US3255942A - Piston tool with fastener resetting arrangement - Google Patents

Piston tool with fastener resetting arrangement Download PDF

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Publication number
US3255942A
US3255942A US37473264A US3255942A US 3255942 A US3255942 A US 3255942A US 37473264 A US37473264 A US 37473264A US 3255942 A US3255942 A US 3255942A
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Prior art keywords
barrel
fastener
means
piston
tool
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Expired - Lifetime
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Bell Lewis Walter
Lester F Mulno
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Star Expansion Industries Corp
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Star Expansion Industries Corp
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    • BPERFORMING OPERATIONS; TRANSPORTING
    • B25HAND TOOLS; PORTABLE POWER-DRIVEN TOOLS; MANIPULATORS
    • B25CHAND-HELD NAILING OR STAPLING TOOLS; MANUALLY OPERATED PORTABLE STAPLING TOOLS
    • B25C1/00Hand-held nailing tools; Nail feeding devices
    • B25C1/08Hand-held nailing tools; Nail feeding devices operated by combustion pressure
    • B25C1/10Hand-held nailing tools; Nail feeding devices operated by combustion pressure generated by detonation of a cartridge
    • B25C1/18Details and accessories, e.g. splinter guards, spall minimisers
    • BPERFORMING OPERATIONS; TRANSPORTING
    • B25HAND TOOLS; PORTABLE POWER-DRIVEN TOOLS; MANIPULATORS
    • B25CHAND-HELD NAILING OR STAPLING TOOLS; MANUALLY OPERATED PORTABLE STAPLING TOOLS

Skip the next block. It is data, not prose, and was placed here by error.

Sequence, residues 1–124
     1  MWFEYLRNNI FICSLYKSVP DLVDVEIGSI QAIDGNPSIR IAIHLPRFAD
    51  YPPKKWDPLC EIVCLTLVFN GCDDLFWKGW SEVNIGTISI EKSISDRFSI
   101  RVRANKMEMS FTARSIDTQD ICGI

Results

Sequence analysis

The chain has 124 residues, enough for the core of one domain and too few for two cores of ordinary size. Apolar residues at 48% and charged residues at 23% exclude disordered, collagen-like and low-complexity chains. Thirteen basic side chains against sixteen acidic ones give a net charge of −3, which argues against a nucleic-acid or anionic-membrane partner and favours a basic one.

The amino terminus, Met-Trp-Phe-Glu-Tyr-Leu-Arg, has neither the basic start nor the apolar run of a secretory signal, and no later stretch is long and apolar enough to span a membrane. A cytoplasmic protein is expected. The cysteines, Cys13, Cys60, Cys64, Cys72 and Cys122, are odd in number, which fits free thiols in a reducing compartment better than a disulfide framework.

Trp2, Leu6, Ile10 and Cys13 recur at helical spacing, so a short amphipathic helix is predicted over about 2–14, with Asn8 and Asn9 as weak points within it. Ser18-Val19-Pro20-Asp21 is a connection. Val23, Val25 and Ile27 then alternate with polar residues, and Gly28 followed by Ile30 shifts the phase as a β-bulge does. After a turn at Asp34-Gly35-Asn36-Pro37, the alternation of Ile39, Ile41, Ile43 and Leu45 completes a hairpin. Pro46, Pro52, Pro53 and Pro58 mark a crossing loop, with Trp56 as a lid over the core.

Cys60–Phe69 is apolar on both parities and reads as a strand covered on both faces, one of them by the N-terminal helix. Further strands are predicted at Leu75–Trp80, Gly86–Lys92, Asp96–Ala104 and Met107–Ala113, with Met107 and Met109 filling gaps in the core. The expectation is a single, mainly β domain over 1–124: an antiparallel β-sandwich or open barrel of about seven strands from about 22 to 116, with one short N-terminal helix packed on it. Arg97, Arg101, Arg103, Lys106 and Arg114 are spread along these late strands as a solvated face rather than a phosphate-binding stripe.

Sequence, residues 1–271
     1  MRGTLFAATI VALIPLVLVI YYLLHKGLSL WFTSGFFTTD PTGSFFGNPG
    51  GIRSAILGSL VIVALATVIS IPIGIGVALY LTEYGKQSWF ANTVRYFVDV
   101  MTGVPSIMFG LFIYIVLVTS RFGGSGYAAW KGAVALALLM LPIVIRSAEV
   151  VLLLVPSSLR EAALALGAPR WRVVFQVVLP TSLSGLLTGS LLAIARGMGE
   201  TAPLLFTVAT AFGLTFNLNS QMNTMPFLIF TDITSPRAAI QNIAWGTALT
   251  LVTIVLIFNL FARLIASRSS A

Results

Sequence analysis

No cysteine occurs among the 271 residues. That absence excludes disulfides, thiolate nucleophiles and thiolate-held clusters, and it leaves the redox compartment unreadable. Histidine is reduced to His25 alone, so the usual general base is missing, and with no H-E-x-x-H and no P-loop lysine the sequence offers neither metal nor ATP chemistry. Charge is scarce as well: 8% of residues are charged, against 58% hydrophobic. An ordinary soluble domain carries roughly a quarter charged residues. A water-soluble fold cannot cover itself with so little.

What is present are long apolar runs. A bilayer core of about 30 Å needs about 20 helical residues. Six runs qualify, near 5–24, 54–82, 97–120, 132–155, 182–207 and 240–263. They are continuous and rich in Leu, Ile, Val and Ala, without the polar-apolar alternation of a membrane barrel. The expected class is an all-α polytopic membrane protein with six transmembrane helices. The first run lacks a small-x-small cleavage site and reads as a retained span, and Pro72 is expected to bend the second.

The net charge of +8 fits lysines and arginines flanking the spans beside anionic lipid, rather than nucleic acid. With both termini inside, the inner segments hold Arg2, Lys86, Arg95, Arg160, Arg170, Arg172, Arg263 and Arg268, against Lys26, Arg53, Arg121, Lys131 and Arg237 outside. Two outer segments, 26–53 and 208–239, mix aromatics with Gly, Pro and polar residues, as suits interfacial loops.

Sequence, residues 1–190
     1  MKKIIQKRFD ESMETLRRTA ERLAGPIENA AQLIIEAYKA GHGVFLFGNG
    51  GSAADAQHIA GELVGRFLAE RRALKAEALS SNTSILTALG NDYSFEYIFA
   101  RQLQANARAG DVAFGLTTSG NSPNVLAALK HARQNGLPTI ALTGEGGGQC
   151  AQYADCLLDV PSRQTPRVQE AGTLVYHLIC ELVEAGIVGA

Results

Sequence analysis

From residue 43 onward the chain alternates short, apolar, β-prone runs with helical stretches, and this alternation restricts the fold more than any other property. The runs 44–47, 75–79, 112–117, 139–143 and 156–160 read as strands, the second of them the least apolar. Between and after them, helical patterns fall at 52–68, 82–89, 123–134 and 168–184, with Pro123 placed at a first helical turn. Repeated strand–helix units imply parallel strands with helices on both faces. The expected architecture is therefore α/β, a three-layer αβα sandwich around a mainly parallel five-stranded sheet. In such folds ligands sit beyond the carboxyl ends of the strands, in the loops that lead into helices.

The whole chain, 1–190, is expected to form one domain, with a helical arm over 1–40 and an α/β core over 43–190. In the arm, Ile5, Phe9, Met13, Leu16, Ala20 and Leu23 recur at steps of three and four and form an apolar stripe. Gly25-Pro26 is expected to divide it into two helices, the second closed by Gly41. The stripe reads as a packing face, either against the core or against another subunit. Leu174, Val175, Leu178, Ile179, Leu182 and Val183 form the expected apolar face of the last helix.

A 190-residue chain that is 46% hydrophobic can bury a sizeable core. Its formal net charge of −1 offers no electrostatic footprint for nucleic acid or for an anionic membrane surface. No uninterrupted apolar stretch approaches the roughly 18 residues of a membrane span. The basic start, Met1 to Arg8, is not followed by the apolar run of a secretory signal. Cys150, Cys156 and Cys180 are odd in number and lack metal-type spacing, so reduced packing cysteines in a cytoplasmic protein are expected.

• B25C1/00Hand-held nailing tools; Nail feeding devices
    • B25C1/08Hand-held nailing tools; Nail feeding devices operated by combustion pressure
    • B25C1/10Hand-held nailing tools; Nail feeding devices operated by combustion pressure generated by detonation of a cartridge
    • B25C1/14Hand-held nailing tools; Nail feeding devices operated by combustion pressure generated by detonation of a cartridge acting on an intermediate plunger or anvil
    • B25C1/143Hand-held nailing tools; Nail feeding devices operated by combustion pressure generated by detonation of a cartridge acting on an intermediate plunger or anvil trigger operated

Description

June 14, 1%@ L.. W. BELL ETAL PIsToN TOOL WITH FASTENER RESETTING ARRANGEMENT Filed June l2, 1964 2 Sheets-Sheet l S mi n L mEO M NBN wa L T mm l N .l IMF. A f W M ...d S wm 17, n EE LLy June 14, 1966 L. w. BELL ETAL PISTON TOOL WITH FASTENER RESETTING ARRANGEMENT 2 sheets-sheet 2 Filed June l2, 1964 .a S ma J mo M N 0 @Rm W mmm A VII BT m, 3 M S www. a5@ rwa w m. wm mm Sv m ya: a? NN 7W/f7 x QN Mm m H III, E l l l a ,M N 5\.` \\w"u s. n QN mm m as a mms s United States Patent O 3,255,942 PISTN TL Wl'lfl-l FASTENER RESETTING ARRANGEMENT Lewis Waiter Bell, Monroe, and Lester F. Mulno, New